• These continual misses fuel an inaccurate narrative that the company can’t execute and may not survive.
  • In our view, Musk misses expectations because he publicly sets the same targets for all four of the company’s stakeholders: customers, investors, employees, and suppliers.
  • Most public companies have the luxury of sending different messages to each of their stakeholders.
  • Our rule of thumb to translate Musk’s targets into reality is to add 3-9 months.
  • We continue to expect the Model 3 to mark a pivotal moment in the world’s adoption of EVs.

Why does Elon Musk have to give the same target to all of Tesla’s stakeholders? Tesla is in a unique stage of its growth. A typical company thinks of each stakeholder as a group, Tesla has to think of each one as a cog. To survive, the company has to advance each cog in unison with a consistent message to each of its stakeholders.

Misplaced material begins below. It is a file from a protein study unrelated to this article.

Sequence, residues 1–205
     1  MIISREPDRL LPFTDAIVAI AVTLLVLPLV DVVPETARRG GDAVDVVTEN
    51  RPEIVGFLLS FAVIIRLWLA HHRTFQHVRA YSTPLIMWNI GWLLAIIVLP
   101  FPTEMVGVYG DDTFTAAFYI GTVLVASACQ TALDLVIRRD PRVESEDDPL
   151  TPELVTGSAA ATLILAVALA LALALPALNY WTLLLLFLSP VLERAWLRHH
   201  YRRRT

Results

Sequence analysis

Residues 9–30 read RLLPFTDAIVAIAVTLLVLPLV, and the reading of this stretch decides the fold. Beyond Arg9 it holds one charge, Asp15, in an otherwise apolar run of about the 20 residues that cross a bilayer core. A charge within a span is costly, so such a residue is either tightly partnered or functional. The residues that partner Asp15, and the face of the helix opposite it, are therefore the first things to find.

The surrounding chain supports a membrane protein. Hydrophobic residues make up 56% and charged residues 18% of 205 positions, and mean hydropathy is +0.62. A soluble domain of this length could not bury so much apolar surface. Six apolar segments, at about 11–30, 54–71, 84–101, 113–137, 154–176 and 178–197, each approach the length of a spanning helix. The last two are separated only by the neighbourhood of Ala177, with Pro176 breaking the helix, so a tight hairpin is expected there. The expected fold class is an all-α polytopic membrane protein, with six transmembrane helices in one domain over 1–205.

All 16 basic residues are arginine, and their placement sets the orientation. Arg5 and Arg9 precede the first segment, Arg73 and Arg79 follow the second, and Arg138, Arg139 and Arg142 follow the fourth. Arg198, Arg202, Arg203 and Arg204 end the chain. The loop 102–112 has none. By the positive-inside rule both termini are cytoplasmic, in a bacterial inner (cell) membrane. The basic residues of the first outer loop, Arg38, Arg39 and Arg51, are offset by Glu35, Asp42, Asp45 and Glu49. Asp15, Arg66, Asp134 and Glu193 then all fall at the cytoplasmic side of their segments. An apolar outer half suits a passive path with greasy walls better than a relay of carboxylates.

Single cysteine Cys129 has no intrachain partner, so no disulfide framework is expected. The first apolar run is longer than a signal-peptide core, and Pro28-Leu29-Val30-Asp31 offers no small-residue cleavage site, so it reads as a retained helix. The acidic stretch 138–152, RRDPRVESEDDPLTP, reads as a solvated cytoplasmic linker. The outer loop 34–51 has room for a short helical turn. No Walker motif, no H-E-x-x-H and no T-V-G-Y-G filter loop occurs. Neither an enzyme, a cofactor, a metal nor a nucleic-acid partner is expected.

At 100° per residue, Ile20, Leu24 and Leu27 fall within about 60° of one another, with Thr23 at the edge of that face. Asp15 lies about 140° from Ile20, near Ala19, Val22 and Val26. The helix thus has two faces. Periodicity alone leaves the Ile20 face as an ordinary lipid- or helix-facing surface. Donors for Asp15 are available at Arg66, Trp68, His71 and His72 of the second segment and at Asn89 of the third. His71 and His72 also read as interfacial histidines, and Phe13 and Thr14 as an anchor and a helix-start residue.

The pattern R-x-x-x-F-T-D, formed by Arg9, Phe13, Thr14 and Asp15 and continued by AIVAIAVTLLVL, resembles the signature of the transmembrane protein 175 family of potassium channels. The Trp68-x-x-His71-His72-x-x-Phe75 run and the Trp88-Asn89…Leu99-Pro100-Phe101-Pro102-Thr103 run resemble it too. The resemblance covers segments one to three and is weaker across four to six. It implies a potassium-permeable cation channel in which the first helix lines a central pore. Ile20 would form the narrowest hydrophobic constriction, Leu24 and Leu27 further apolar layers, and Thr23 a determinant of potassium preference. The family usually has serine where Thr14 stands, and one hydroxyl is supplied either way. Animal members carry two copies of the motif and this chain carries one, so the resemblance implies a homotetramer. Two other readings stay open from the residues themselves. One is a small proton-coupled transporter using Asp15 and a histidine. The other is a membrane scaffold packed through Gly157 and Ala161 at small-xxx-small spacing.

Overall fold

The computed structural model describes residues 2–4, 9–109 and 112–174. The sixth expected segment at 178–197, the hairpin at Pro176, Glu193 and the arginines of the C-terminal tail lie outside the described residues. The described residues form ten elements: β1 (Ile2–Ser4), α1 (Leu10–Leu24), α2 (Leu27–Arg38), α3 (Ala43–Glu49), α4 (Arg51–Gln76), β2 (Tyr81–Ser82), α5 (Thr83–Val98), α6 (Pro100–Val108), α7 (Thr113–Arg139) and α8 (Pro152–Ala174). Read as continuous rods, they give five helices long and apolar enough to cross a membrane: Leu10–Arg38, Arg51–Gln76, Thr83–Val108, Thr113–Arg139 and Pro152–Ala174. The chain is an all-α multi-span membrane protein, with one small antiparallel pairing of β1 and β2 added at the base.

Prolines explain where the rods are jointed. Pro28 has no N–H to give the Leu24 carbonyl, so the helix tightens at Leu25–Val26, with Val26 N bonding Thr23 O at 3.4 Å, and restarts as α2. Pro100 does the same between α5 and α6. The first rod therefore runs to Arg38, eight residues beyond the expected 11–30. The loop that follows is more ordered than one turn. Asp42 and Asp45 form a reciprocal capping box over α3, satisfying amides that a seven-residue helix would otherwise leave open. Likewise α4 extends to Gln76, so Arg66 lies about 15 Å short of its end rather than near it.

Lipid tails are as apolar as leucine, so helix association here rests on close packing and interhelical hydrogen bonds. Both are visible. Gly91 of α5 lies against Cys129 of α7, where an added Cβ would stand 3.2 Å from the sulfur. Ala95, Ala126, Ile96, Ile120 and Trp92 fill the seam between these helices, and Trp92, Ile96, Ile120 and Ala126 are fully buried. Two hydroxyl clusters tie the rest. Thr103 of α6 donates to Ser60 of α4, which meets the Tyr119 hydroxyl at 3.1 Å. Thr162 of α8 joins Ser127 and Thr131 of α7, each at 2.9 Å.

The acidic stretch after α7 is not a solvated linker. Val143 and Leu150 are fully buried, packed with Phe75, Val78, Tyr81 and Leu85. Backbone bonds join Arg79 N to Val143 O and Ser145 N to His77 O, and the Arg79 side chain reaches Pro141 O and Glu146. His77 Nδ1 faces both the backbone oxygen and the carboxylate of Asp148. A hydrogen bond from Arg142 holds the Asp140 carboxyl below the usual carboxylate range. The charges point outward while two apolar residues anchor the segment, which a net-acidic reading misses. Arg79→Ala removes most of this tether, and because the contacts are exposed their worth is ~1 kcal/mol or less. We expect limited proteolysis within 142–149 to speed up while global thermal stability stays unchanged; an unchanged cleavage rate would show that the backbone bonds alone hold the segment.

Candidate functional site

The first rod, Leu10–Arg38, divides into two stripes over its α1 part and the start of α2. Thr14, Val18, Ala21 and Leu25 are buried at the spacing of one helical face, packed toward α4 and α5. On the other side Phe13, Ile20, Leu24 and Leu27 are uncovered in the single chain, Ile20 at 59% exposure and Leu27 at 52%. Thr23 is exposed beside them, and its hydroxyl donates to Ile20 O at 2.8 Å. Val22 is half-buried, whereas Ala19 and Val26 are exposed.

To illustrate, let’s look at Tesla’s target of producing 5,000 Model 3s per week by the end of June 2018. That target is eventually publicly communicated to investors, but only after it has been communicated to suppliers and employees.

The first cog to move is the supplier. Tesla needs to pressure suppliers to promptly deliver parts. If the company tells those suppliers that they need to have parts to produce 5,000 Model 3’s per week by the end of June, and tells investors that they expect 5,000 by the end of September, that may cause some of its many suppliers to believe they have wiggle room in what Tesla has asked them to deliver. If one supplier misses its target, the entire production line misses its target. As Musk wrote in an internal letter, “actual production will move as fast as the least lucky and least well-executed part of the entire Tesla production/supply chain system.”